Dear Fellow Graduate Student,
As you well know, this is a rough time to be pursuing an advanced degree. We are underfunded, overworked, exploited, and devalued by a society that (to take just one recent example) attempted to tax our tuition waivers as income, which would have made graduate education untenable for most of us and available only to the wealthiest students. There are gross disparities in funding for M.A and Ph.D. programs. Many of us face a job market that looks nothing like the landscapes our advisors experienced. And yet, the world needs M.A. and Ph.D. recipients now more than ever.
This system is deeply flawed and I earnestly hope that our generation will be the ones to overhaul it. As part of that project, I want to pass on some insights that helped me navigate my institution towards a successful dissertation defense and a job.
One reason I write this is because I was lucky to have wonderful peers, colleagues, and professors who supported me throughout this journey, though I’m continually meeting grad students who haven’t been so fortunate. As Annemarie Pérez’s recent post (“A Radical Idea About Adjuncting”) showed me, being explicit about the ways we’ve been lucky is part of a larger project of building universities that don’t rely so heavily on luck, but rather, are structured for the flourishing of diverse students and faculty, and engaged, urgent knowledge projects that serve the public good.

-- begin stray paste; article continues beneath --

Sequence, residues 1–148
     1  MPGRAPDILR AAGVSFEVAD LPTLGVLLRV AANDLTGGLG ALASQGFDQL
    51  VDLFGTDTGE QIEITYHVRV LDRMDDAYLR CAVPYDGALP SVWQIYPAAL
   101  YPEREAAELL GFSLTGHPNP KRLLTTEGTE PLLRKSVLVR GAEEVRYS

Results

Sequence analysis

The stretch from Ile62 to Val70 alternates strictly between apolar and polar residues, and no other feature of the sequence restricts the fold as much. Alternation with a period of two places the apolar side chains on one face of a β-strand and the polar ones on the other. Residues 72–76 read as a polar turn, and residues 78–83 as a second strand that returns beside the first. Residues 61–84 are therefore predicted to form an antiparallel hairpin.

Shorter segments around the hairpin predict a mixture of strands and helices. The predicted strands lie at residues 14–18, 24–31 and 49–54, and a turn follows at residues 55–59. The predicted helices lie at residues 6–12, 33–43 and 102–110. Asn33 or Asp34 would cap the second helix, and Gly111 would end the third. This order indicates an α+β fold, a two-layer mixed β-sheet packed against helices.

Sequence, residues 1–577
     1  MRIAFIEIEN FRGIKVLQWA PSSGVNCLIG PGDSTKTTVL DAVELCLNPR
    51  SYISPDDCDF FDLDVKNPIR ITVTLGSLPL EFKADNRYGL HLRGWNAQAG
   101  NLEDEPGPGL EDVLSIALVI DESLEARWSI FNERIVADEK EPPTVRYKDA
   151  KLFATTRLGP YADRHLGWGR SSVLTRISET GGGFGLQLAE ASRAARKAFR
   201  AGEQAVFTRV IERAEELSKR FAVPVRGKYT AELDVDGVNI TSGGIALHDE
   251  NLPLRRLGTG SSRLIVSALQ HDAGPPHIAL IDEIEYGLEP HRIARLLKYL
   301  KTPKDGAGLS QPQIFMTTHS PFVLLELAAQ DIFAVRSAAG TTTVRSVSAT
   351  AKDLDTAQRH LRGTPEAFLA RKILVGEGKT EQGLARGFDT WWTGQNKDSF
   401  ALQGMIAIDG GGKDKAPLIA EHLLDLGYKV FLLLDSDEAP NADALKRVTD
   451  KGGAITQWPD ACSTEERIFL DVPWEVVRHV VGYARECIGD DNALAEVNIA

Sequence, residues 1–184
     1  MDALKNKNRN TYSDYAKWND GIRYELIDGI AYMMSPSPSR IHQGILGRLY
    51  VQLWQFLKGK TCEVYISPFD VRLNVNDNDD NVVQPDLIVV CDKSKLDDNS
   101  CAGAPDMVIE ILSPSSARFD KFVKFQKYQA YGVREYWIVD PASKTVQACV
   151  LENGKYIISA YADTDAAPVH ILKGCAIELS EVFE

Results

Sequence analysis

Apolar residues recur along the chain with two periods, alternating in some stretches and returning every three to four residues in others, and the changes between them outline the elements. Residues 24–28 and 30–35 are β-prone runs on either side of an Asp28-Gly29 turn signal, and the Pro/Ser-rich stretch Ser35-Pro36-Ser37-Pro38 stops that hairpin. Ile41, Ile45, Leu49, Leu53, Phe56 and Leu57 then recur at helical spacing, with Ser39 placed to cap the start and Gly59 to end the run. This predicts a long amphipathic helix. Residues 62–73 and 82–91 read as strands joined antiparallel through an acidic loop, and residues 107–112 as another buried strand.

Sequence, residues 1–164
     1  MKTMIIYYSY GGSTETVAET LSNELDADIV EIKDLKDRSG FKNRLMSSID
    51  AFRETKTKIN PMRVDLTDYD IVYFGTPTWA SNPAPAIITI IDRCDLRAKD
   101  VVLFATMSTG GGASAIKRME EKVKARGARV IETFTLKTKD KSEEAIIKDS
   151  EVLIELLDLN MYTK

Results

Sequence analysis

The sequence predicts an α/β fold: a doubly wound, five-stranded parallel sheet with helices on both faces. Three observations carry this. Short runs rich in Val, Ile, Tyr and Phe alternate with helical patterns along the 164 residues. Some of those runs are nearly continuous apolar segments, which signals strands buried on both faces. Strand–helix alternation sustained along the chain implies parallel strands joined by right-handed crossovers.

I also write this somewhat selfishly. I want to live in a world in which everyone has, in Fred Moten and Stefano Harney’s words, “everything that they need and 93% of what they want–not by virtue of the fact that you work today, but by virtue of the fact that you are here.” I believe that the hours you spend reading, thinking, writing, teaching, organizing, working to change your classrooms and institutions, learning so that you may improve the lives of others, and taking to the streets to demand change will help bring that world to fruition.
Don’t be afraid to change your mind. This was the single best piece of advice I received going into graduate school. Don’t be afraid to learn new things, to become obsessed, to fall in love with different subjects. You don’t have to leave graduate school pursuing the project that you identified in your application materials. Take courses with the faculty members who students can’t stop talking about, even if you’re completely unfamiliar with the subject area. Kyla Wazana Tompkins put it best: “we aren’t here to learn what we already know.” We are here to do research: to be unfaithful to the known.
Read the full post on HASTAC.